PBHS students give WWII veterans a hero’s send-off - KFVS12 News & Weather Cape Girardeau, Carbondale, Poplar Bluff

PBHS students give WWII veterans a hero’s send-off

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Poplar Bluff Mayor Ed DeGaris thanks the veterans for their sacrifices before a packed audience of students during the Honor Tour assembly today at the high school. (Source: Poplar Bluff R-1 School District) Poplar Bluff Mayor Ed DeGaris thanks the veterans for their sacrifices before a packed audience of students during the Honor Tour assembly today at the high school. (Source: Poplar Bluff R-1 School District)
High school cheerleader Caitlyn Coleman escorts World War II veteran Bernard Tenkhoff to his seat during the Honor Tour send-off today at the high school gym. (Source: Poplar Bluff R-1 School District) High school cheerleader Caitlyn Coleman escorts World War II veteran Bernard Tenkhoff to his seat during the Honor Tour send-off today at the high school gym. (Source: Poplar Bluff R-1 School District)
POPLAR BLUFF, MO (KFVS) -

Poplar Bluff High School students gave veterans a hero's send-off on Friday, October 19.

This event marked the 11th Honor Tour, the second of which started out from the high school. The ceremony featured the Junior Reserve Training Corps presenting the colors, music from the Poplar Bluff Sho-Me Marching Band, a series of patriotic songs from two of Sikeston's Replica Triplet and speeches from Poplar Bluff Mayor Ed DeGaris, as well as U.S. Rep. Jo Ann Emerson.

"We'll never know you all have been and what you all have seen," said event host Senior High School Principal Michael Kiehne, "but we do respect you for what all you have done."

Kiehne's students were shown video footage of the Honor Tour during their advisory classes prior to the assembly, per request of Tucker Davis of First Midwest Bank, who has been instrumental in coordinating the trips with Callahan, his co-worker.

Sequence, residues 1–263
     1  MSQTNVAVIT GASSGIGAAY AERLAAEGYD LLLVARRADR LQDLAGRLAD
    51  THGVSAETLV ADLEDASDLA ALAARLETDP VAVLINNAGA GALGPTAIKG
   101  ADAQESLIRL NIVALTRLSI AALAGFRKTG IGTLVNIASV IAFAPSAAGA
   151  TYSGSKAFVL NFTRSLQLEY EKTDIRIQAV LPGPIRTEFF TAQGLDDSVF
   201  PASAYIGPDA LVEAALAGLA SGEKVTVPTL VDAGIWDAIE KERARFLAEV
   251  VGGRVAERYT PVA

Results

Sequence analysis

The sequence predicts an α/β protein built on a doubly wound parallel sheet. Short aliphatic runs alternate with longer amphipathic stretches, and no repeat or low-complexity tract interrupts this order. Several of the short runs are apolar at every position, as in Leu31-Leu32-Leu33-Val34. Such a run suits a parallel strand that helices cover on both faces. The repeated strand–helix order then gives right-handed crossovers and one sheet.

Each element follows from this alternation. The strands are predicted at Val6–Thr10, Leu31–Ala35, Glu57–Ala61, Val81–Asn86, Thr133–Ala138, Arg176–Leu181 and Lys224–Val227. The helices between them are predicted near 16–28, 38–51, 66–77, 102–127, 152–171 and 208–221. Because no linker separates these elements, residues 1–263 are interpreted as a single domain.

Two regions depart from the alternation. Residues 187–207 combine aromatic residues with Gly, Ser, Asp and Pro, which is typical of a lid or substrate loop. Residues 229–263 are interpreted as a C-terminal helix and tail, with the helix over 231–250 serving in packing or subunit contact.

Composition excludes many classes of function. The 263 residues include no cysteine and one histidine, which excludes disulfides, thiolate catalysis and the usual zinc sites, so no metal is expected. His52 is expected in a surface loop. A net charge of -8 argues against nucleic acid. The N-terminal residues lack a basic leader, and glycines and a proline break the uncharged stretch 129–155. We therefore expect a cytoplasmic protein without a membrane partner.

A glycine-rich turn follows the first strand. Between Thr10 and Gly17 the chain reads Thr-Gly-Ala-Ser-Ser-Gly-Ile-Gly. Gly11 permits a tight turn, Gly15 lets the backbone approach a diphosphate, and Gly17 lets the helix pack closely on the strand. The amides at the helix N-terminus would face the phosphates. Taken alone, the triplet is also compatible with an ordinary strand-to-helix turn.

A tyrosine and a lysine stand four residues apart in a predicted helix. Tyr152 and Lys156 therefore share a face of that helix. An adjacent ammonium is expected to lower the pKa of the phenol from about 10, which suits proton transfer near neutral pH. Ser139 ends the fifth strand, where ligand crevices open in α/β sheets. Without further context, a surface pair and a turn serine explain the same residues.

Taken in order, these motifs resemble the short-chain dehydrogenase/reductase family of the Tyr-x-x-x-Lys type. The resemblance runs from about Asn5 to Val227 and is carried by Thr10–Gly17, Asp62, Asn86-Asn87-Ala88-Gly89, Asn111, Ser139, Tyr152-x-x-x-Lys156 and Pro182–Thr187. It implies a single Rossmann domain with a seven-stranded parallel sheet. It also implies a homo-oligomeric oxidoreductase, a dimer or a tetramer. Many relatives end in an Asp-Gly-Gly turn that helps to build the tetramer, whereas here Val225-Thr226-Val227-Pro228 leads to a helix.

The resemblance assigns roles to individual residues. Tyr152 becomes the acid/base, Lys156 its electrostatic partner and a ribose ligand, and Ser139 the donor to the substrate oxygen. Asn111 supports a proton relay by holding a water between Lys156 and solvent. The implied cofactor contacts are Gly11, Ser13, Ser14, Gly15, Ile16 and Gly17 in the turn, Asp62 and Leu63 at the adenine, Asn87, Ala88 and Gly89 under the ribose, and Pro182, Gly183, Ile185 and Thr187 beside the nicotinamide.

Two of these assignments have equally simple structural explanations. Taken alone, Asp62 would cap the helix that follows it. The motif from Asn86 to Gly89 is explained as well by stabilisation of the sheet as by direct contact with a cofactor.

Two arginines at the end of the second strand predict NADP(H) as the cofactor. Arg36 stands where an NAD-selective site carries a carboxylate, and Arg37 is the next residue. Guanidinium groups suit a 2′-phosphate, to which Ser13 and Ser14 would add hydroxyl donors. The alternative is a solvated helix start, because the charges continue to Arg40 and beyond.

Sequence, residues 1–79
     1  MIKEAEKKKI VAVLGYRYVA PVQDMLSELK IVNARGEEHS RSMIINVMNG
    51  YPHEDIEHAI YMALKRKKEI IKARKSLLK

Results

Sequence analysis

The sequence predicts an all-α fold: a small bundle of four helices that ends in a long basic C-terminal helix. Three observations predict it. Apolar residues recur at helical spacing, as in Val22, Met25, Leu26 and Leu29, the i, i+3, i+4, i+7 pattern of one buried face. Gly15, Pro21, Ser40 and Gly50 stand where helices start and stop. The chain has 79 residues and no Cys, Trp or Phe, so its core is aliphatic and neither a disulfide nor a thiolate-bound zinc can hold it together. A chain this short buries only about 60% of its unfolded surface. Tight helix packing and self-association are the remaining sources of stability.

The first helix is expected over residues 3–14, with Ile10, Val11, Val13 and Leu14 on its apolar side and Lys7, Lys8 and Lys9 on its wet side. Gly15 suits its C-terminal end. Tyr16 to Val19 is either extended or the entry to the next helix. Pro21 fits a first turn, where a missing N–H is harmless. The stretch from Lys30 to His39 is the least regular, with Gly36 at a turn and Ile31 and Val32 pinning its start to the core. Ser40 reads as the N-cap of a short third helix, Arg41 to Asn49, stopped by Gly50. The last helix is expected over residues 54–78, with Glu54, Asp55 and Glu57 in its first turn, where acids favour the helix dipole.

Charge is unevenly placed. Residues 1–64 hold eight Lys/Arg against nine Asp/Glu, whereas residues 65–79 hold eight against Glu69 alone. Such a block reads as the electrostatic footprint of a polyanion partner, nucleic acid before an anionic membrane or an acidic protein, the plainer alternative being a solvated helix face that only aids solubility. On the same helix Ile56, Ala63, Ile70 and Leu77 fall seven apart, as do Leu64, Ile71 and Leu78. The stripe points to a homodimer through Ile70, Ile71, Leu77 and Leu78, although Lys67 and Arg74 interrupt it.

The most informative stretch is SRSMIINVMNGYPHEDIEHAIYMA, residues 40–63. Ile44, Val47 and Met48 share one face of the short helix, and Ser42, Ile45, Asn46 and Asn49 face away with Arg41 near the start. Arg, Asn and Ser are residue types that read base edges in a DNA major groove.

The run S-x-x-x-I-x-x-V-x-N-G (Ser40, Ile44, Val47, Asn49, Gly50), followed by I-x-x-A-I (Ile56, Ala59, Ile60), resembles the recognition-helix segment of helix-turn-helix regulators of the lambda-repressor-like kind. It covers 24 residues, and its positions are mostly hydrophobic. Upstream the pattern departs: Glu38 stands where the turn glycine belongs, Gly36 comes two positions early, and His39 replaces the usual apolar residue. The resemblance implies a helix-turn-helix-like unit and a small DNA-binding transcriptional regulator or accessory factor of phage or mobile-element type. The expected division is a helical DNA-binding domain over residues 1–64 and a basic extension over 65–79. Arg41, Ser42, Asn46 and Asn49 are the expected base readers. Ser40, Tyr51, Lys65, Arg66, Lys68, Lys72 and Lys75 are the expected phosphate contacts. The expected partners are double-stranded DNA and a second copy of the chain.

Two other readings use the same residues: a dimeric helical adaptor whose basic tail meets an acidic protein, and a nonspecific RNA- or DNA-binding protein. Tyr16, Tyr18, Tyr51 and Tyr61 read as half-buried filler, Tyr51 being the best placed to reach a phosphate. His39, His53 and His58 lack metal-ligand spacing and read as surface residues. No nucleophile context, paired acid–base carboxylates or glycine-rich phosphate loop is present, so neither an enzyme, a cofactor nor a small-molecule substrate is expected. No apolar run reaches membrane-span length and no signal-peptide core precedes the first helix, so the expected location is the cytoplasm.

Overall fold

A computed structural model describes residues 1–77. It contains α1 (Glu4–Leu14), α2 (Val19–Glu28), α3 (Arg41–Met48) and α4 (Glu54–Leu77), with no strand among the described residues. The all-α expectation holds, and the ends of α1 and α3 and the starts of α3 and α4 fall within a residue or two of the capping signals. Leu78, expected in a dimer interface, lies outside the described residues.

Cheerleaders from the high school escorted the veterans, some in wheelchairs, to and from their seats, set up in the center of the gym. Taytum Eudaley, a 16-year-old junior, explained how she thanked the veteran she was walking with for his service, but he immediately deflected the gratitude by thanking her for giving him an arm to lean on.

There were originally 30 veterans who signed up for the Honor Tour, but sadly several died prior, according to Honor Tour founder Rob Callahan. He has made it his mission to bring as many survivors of the greatest generation to see the memorial—60 years in the making—honoring their service. Next time around, Callahan is planning to take more Korean War vets to see other monuments on the all-expense paid trip, funded by donations.

"This'll be in these guys' and our memories for the rest of our lives," said Callahan, before a packed gymnasium of hundreds of students. The assembly was held in support of 23 World War II veterans and one from the Korean War who were gearing up to see for the first time in their lives the World War II Memorial, among other historic sites in Washington, D.C.

You can click here for more information on the Honor Tour.

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